-Pastor Melissa Fain-
What I’m about to share is the truth. It's an old truth. I don’t share it to garner sympathy, although there was a time I used it for that purpose. I don’t share it to rally people against anyone else. Woundedness breaks, always. I share to teach. I want everyone to know that I know the consequence because I was the consequence once.
When I was a child my dad and mom divorced. I’m not here to discuss whether or not divorce is an acceptable boundary to break, but my short answer is, it can be. In a perfect world, the contract one makes to unite as a family should be unbreakable. No one would enter into such an agreement without fully understanding the ramifications. That’s just not the case. People create bad marriage contracts all the time, making promises they either can’t keep or don’t plan to keep. Bad contracts need to be broken. That’s simplified. It deserves its own post, and maybe I’ll give it in the near(ish) future.
When they divorced, it was decided by the judge that mom’s were better caregivers, so my mother won custody of my sister and myself. That was the judge’s belief; not law. I’m not here to discuss whether or not using one's personal feelings to rule is just. The short answer in my case, was no. At the time of the ruling, my mother was a broken individual, and from more than just the divorce. Brokenness, when left alone, breaks others. Always. My mother needed to process and heal, not take care of two children by herself. Even this deserves its own post, and I’m not going to write it anytime soon.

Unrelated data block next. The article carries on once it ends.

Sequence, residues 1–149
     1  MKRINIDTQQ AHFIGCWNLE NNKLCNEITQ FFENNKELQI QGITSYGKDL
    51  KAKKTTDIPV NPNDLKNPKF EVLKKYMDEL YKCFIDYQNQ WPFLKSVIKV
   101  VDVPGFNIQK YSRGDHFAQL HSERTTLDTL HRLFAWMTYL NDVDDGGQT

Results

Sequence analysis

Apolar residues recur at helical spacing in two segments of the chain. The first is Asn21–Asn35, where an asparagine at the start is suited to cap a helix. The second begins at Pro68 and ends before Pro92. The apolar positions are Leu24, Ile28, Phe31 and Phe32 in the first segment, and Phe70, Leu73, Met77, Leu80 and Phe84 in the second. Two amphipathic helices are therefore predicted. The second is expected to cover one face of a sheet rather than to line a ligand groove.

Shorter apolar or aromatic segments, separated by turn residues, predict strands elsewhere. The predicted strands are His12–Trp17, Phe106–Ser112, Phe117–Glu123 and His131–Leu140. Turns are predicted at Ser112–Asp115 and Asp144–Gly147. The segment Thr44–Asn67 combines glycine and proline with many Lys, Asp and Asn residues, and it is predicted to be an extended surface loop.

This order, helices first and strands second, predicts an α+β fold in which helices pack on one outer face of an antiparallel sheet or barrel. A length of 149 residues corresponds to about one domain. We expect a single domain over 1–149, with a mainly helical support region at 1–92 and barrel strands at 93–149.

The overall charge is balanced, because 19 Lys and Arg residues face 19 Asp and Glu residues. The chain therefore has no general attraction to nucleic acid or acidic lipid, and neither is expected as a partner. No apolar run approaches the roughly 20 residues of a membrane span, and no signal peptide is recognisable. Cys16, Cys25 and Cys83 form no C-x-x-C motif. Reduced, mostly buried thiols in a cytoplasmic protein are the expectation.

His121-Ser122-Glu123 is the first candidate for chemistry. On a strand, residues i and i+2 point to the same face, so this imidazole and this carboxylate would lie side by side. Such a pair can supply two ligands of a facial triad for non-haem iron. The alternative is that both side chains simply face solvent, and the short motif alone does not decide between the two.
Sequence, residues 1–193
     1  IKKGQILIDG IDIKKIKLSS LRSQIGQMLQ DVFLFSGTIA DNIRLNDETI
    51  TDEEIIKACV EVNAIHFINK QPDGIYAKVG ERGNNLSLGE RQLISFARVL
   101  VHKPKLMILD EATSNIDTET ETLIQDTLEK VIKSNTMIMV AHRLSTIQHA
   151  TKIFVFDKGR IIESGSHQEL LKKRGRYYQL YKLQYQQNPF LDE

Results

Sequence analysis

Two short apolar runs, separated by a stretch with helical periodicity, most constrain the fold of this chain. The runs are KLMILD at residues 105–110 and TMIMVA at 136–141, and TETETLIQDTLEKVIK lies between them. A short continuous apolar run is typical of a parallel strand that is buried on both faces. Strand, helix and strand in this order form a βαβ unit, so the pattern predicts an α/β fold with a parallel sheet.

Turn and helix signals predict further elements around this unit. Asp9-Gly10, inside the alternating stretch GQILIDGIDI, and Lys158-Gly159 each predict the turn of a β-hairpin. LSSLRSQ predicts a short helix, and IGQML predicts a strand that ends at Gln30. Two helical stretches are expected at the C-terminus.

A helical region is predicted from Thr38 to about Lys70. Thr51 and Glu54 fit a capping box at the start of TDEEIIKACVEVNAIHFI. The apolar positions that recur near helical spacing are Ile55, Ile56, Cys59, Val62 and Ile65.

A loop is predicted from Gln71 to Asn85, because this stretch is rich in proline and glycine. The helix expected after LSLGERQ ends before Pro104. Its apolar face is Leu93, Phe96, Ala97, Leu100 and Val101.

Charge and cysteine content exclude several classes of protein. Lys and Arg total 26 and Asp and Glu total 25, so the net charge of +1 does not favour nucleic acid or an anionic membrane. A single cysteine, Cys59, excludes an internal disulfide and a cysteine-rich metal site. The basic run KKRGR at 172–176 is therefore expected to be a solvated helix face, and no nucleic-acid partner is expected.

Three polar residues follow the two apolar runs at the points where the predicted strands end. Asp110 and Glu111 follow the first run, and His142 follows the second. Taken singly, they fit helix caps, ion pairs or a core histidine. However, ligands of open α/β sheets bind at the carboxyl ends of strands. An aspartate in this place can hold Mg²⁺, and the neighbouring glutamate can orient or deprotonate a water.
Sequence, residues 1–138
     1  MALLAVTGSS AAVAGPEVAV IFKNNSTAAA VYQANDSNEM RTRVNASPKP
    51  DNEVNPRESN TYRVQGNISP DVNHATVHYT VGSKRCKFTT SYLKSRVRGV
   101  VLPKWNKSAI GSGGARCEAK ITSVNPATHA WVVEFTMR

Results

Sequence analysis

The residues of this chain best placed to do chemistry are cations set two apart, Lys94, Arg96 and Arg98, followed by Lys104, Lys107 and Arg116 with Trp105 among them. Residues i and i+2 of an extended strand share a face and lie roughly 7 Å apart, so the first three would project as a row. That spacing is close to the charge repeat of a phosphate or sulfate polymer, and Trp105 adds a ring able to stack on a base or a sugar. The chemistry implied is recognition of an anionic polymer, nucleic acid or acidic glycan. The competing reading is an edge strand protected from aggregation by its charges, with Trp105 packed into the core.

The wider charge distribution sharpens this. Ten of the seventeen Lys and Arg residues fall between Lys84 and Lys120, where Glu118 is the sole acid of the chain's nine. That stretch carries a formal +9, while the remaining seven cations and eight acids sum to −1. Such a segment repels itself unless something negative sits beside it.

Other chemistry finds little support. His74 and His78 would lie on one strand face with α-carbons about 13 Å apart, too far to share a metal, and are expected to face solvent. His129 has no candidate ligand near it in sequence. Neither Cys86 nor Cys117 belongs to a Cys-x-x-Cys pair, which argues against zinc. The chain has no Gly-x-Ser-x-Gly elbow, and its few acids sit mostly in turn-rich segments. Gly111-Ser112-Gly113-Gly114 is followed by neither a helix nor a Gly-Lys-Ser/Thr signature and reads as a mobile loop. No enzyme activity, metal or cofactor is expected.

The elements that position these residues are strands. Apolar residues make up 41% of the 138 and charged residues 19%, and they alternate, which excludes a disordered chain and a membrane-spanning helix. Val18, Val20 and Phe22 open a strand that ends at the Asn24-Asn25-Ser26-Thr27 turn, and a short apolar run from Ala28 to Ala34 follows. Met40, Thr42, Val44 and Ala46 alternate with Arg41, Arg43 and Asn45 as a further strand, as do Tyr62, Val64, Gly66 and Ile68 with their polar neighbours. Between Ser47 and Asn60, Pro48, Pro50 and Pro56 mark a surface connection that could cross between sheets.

My mother found her next husband at a bar. I don’t even know if he’s still alive! I just know, he was a piece of work. He’s still the most selfish adult I have ever met. Back in April of 2014, I wrote about the difference between selfishness and self-centeredness. It was in regards to the Common English Bible, and one of the times I disagreed with the translation. I’m not going to spend this time re-hashing what has already been hashed. (You can click the link for that.) Here’s the summary: We are born entirely self-centered. We can’t understand the world around us, only ourselves. As we grow up, there comes a point when we finally understand and see others. It is at that point we can begin to become other-centered, selfless, or selfish. Any of these can be good or bad. My stepdad was completely and totally selfish.